Monday, March 30, 2009

Sick Days (in which I get to use the word "hornswoggled" in a sentence)

Back when I had a paid job, I found it hard to take sick days. To stay home due to illness involved agonizing over whether to call in, resigning myself to the fact that I needed to, making the call, and feeling a bit better as soon as I'd hung up... leading to hours of second guessing myself, thinking maybe I should've just sucked it up.

Now I'm responsible for deciding whether my lovely children need to stay home from school. I've found that while it's easier to err on the side of caution on their behalf than it was on my own, the second-guessing part hasn't gone away.

Thankfully neither of them are school-averse; so far, they both love to go. The Bean hates even the idea of missing a day, and gets very upset if she thinks she might have to be absent. I can see that for her, taking sick days could someday involve the same tortuous process it was for me. But it's easy for me to make the decision for her: if she's that upset, she's probably that sick.

With the Peanut, it is harder to tell. She's so happy about everything that her mood isn't a good indicator. This past weekend, she had a fever on and off, some coughing and congestion, and not much of an appetite. But she seemed much improved by suppertime yesterday. We'd figured she was OK to go to preschool for Pajama Day today (the kiddos got to wear their PJs and bring a favorite stuffed animal along). The Peanut thought so too, and had her horse pajamas and stuffed horsie ready to go.

This morning, she stalled out during her Cheerios and banana. It came down to this: if you're not feeling good enough for Cheerios and banana, then you're not feeling good enough for preschool, Peanut. Usually, if she's dragging over breakfast (she's always taken a verrrry looonnnng time with meals) and I hint that not eating it might cause her to miss preschool, then she eats, pronto. Not today. She put down her spoon and said she thought she should stay home. But could she still wear her horse pajamas all day?


I decided to keep her home. It's possible I'm being had because she doesn't love Cheerios and banana as much as, say, raisin toast and apples, but no matter. She can use an extra day to rest and get past whatever she was fighting off, and missing a day of preschool (even Pajama Day) is certainly not going to set her back any.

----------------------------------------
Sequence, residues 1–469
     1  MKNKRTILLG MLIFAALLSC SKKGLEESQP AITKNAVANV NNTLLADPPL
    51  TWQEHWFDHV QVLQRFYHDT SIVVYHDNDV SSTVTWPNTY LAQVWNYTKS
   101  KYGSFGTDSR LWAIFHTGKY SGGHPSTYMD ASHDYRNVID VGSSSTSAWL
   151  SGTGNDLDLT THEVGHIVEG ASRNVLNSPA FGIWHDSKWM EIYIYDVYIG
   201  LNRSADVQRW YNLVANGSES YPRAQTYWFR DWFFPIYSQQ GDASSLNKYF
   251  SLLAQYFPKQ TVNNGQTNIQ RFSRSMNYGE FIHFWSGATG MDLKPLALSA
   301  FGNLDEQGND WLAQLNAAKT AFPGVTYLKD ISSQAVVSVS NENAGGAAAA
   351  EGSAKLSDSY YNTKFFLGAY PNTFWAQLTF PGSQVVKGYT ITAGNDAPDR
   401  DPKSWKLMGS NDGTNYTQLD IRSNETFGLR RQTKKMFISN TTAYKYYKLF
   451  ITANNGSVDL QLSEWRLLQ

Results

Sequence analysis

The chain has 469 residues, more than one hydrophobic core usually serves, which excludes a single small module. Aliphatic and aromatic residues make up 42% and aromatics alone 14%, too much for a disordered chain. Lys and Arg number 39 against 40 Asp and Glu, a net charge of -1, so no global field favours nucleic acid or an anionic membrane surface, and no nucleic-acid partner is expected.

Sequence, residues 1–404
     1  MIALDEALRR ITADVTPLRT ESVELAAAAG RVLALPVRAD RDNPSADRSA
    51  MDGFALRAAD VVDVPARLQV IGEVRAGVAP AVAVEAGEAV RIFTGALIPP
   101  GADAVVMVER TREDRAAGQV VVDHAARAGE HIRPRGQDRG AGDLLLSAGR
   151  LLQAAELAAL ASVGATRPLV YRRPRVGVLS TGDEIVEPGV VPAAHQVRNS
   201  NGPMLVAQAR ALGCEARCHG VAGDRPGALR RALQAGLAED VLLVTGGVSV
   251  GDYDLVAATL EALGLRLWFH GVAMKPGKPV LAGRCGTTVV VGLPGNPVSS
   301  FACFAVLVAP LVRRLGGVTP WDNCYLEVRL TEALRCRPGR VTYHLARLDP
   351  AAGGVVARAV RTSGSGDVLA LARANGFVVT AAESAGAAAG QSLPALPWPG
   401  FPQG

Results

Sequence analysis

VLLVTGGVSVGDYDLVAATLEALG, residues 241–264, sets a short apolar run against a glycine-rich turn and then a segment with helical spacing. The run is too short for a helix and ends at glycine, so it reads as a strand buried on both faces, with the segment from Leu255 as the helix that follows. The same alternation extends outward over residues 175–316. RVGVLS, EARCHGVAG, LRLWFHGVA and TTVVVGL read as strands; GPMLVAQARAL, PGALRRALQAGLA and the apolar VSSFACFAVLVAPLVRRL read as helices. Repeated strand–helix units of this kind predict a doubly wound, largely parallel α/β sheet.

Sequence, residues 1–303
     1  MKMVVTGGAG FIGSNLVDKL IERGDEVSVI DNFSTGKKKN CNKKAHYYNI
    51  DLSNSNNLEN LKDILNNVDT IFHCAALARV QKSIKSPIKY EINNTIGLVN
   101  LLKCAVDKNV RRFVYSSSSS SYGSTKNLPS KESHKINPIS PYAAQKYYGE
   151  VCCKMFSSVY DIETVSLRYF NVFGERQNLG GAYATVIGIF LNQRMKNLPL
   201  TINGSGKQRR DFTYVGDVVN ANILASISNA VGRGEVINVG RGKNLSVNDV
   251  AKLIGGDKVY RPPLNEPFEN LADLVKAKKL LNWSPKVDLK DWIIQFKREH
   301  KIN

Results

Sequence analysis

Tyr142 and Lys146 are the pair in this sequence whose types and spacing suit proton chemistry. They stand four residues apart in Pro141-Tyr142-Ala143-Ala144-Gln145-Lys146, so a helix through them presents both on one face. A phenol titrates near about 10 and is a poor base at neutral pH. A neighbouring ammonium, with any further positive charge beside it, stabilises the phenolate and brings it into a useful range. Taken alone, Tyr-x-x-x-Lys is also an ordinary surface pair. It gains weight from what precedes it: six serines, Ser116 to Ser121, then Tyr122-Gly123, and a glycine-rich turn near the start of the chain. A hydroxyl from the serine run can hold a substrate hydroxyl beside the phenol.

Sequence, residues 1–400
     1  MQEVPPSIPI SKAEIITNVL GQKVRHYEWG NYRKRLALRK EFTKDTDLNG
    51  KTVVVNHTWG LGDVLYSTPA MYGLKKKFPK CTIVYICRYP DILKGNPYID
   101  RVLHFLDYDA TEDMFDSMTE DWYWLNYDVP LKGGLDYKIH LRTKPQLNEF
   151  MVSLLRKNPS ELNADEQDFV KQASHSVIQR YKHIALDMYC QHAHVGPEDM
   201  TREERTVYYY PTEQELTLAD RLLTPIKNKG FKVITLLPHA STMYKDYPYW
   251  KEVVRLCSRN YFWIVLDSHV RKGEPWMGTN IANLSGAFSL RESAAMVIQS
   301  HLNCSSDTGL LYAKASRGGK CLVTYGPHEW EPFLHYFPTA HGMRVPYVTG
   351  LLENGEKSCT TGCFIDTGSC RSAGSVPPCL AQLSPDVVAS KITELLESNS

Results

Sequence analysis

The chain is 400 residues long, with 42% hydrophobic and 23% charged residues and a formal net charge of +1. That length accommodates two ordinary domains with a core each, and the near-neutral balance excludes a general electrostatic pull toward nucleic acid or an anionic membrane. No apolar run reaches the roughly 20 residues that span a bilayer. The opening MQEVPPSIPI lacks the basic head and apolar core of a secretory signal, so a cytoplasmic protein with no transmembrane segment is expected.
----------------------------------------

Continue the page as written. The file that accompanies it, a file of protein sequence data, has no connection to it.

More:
Aside from two seconds' sadness when she realized she wouldn't "get to see what the boys' pajamas looked like," she is regret-free. As I type, she's in the living room stringing plastic bead necklaces and singing something to the tune of "if you're happy and you know it."

If her nose weren't stuffy, I'd be feeling hornswoggled.


  1. Tis a lovely sounding word...


    BUT, before I use it (probably inappropriately to the Vicar or someone...) Do tell,What does it actually mean?


  2. I'm glad you kept her home. I have worked in schools for years and the sick little ones come and sit with me in my office until Mom or Dad get there. For a child to feel so punky and sick when the other kids are having fun just makes it worse. I love pajama day, though one year we had some new young Moms and teachers dress totally innapropriately (yup, I'm talkin leopard,silky negligees and 3 inch pumps with feathers etc, I kid you not!)

  3. that was my week too. we had the same thing. Red would seem fine and then be like, "I think I should stay home". It was a whole week for her. Home. Rough one!

  4. My daughter is a very good faker. She even has figured out that if she perks up around ten, I will make her go in to school, but if she looks peaked and stays in bed reading until lunchtime, then it is ok to get rowdy afterwards.